The show became known for its candor: Couples would sometimes go into explicit detail about their dates or even insult one another’s looks. Sometimes the dates were successful enough to lead to marriage and babies, and the show was so popular that by 1992, the video library had accrued more than 30,000 tapes “of people spilling their guts in five-minutes snippets.”

In 2017, Fox rebooted Love Connection with Andy Cohen at the helm; the second season started airing in May. But here are a few things you might not have known about the dating series that started it all.

1. AN AD FOR A VIDEO DATING SERVICE INSPIRED THE SHOW.

According to a 1986 People Magazine article, the idea for Love Connection came about when creator Eric Lieber spied an ad for a video dating service and wanted to cash in on the “countless desperate singles out there,” as the article states. “Everyone thinks of himself as a great judge of character and likes to put in two cents,” Lieber said. “There’s a little yenta in all of us.”

2. CONTESTANTS WERE GIVEN SOMETHING CALLED A PALIO SCORE.

Staff members would interview potential contestants and rate them on a PALIO score, which stands for personality, appearance, lifestyle, intelligence, and occupation. Depending on the results, the staff would rank the potential guests as either selectors or selectees.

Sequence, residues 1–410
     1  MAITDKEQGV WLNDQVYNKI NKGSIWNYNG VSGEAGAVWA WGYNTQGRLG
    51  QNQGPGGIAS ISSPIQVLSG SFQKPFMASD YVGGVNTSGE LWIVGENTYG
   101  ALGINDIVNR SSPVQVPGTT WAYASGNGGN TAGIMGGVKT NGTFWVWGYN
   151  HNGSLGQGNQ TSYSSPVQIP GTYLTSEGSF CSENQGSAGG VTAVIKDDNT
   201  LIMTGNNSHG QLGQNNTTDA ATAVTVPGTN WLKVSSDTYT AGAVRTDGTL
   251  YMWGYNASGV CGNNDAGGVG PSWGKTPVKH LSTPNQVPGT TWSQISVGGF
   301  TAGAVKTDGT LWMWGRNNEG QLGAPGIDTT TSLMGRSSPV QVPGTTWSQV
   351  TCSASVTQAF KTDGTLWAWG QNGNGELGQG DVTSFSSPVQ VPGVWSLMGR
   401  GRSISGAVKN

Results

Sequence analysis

3. IN 1987, THE FIRST OF MANY LOVE CONNECTION BABIES WAS BORN.

John Schultz and Kathleen Van Diggelen met on a Love Connection date, which didn’t end up airing. “They said, ‘John, she’s so flat, if you can’t rip her up on the set, we can’t use you,’” he told People in 1988. “I said, ‘I can’t do that.’” However, they got married on an episode of Hollywood Squares. As the article stated, “Their son, Zachary, became the first baby born to a Love Connection-mated couple.”

4. IT LED TO OTHER DATING SHOWS, LIKE THE BACHELOR.

Mike Fleiss not only created The Bachelor and The Bachelorette, but he’s also responsible for reviving Love Connection. “I always had a soft spot for that show,” Fleiss told the Los Angeles Times in 2017. He said he was friends with Lieber and that the show inspired him to “venture into the romance TV space.” “I remember it being simple and effective,” he said about the original Love Connection. “And I remember wanting to find out what happened on those dates, the he said-she said of it all. It was intriguing.”

5. A FUTURE ACTOR FROM THE SOPRANOS WAS A CONTESTANT.